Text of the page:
In Jim Finley’s teaching that I referenced earlier he speaks of a “critical juncture in a formative turn of events within the Christian life” and quotes St. John of the Cross, a 15th century Spanish mystic.  What follows is an excerpt from Jim’s teaching that I have been reflecting on during these past few days of quiet confusion –

“Saint John speaks of the awakening of the call to meditative contemplative prayer as a realization that one can no longer draw out from discursive meditation [aka. logical reasoning and thinking-oriented reflection] the satisfaction that one is accustomed to experiencing. That is, where previously one was nourished by reflecting on the things of God, one is no longer nourished. What is more, he says, is one who is no longer nourished in thinking of the things of God, one begins to discover that simultaneously one is no longer nourished in thinking about anything else either. And in the very midst of this perplexing nowhere, this perplexing horizonless place of powerlessness, John of the Cross says we begin to experience within ourselves a general loving awareness. What is more, we begin to realize that we are interiorly drawn to rest in this awareness, to quietly give ourselves over to it as a path of self-transformation that opens out onto God who is the infinite love that has awakened this transformation within us.”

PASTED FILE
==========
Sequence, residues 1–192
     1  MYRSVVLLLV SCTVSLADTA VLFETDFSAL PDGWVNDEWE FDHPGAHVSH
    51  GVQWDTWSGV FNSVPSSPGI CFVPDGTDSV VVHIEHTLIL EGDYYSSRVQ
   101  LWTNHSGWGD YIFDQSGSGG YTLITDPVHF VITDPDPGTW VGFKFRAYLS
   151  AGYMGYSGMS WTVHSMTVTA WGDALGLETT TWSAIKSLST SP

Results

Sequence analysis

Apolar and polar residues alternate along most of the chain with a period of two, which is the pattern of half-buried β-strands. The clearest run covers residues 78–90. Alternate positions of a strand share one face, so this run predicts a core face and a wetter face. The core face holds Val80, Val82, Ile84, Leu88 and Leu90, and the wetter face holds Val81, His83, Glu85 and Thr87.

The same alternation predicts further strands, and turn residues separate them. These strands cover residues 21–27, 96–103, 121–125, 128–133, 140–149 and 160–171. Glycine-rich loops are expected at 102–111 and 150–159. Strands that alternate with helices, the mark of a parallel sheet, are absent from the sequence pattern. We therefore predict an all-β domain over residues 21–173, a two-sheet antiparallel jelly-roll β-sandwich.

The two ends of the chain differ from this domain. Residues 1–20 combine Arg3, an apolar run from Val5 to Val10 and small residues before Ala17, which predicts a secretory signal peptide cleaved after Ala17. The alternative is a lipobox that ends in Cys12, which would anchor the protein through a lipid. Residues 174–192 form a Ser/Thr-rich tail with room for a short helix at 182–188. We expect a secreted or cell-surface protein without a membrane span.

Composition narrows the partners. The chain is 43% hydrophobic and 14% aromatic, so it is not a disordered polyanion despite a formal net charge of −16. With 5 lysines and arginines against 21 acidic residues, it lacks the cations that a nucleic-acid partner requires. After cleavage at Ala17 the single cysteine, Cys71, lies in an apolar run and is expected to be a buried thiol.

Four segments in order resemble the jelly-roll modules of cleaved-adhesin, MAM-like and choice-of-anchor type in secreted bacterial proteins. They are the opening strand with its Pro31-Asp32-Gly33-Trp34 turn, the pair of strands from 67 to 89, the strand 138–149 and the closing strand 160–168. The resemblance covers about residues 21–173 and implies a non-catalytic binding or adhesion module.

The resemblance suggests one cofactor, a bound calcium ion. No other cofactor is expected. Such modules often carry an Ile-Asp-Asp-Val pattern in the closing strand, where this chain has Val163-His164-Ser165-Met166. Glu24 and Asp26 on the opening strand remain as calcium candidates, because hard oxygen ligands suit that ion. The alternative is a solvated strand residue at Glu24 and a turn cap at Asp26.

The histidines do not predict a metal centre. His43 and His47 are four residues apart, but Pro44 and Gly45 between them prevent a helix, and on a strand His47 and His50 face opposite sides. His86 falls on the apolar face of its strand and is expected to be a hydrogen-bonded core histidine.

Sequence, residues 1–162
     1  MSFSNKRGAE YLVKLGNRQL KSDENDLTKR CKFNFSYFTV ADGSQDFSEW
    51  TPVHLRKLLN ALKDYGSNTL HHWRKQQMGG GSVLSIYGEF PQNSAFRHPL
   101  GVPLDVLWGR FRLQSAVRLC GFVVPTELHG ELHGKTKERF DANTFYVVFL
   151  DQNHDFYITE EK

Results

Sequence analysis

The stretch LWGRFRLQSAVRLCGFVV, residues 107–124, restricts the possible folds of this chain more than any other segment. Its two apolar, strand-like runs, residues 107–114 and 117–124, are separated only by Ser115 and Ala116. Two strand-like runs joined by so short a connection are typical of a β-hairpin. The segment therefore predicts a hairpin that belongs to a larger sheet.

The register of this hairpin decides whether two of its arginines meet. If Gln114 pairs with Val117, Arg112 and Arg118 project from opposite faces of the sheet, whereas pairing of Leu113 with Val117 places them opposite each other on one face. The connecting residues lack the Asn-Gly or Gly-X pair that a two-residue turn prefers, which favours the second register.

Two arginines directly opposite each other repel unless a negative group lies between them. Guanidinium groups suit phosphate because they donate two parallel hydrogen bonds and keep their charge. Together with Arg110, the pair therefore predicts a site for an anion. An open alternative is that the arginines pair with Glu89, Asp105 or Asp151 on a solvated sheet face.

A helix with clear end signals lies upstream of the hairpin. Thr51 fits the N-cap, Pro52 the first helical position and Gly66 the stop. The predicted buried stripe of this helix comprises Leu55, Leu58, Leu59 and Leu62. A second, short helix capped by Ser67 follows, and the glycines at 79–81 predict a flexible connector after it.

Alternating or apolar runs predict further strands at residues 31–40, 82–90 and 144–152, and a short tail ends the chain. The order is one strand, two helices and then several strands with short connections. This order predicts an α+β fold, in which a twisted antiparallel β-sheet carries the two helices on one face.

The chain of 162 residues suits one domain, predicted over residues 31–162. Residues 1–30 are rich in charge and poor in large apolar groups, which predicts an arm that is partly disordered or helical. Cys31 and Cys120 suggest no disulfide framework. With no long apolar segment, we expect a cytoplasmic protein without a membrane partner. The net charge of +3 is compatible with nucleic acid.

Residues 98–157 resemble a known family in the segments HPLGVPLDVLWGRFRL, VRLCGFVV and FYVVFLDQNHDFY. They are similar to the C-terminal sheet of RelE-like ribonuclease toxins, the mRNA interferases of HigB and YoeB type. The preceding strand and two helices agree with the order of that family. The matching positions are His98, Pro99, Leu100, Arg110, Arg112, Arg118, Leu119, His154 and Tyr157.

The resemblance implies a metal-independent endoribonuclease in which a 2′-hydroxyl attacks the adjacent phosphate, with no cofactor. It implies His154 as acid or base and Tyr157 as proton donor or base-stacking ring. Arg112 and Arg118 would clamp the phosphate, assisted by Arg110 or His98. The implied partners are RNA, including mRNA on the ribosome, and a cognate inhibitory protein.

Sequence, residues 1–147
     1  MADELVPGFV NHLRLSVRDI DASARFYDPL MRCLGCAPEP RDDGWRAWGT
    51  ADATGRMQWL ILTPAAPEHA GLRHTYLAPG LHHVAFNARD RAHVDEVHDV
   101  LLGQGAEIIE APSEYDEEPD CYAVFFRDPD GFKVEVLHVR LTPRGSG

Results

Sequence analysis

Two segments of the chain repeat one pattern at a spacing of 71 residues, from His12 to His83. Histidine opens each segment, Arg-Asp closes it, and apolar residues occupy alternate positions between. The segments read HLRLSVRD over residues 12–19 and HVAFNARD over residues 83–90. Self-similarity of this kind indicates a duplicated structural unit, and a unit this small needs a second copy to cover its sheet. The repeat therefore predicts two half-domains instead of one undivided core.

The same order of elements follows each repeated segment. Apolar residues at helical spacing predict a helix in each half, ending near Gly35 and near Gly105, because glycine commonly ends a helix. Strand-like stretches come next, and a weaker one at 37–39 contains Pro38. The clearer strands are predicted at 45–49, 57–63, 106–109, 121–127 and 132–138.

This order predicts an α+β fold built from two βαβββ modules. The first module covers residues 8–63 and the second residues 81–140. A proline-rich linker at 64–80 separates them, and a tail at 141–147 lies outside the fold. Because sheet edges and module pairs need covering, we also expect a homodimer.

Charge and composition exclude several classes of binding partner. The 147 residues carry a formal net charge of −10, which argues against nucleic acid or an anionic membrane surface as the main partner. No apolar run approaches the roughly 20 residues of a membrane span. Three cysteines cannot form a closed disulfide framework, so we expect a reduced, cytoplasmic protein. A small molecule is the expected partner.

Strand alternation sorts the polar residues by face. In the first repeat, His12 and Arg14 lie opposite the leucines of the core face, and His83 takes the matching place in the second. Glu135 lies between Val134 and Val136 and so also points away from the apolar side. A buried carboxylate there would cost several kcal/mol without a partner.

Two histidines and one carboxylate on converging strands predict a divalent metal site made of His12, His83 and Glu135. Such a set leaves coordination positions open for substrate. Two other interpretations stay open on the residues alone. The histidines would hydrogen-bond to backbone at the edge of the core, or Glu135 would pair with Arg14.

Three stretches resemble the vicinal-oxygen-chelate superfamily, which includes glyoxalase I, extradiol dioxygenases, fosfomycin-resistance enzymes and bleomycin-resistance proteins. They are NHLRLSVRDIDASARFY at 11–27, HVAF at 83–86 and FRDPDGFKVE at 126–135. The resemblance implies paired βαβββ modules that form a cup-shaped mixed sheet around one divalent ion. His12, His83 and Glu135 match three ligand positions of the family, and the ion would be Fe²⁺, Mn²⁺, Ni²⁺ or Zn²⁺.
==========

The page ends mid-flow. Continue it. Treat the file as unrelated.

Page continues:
So what else can I do here but welcome myself to this “perplexing nowhere“…and join in the company of countless others who have traveled this narrow path before me. It is indeed the road less traveled…and I am praying that for me too, it will make all the difference.

Namaste.

Getting out of my head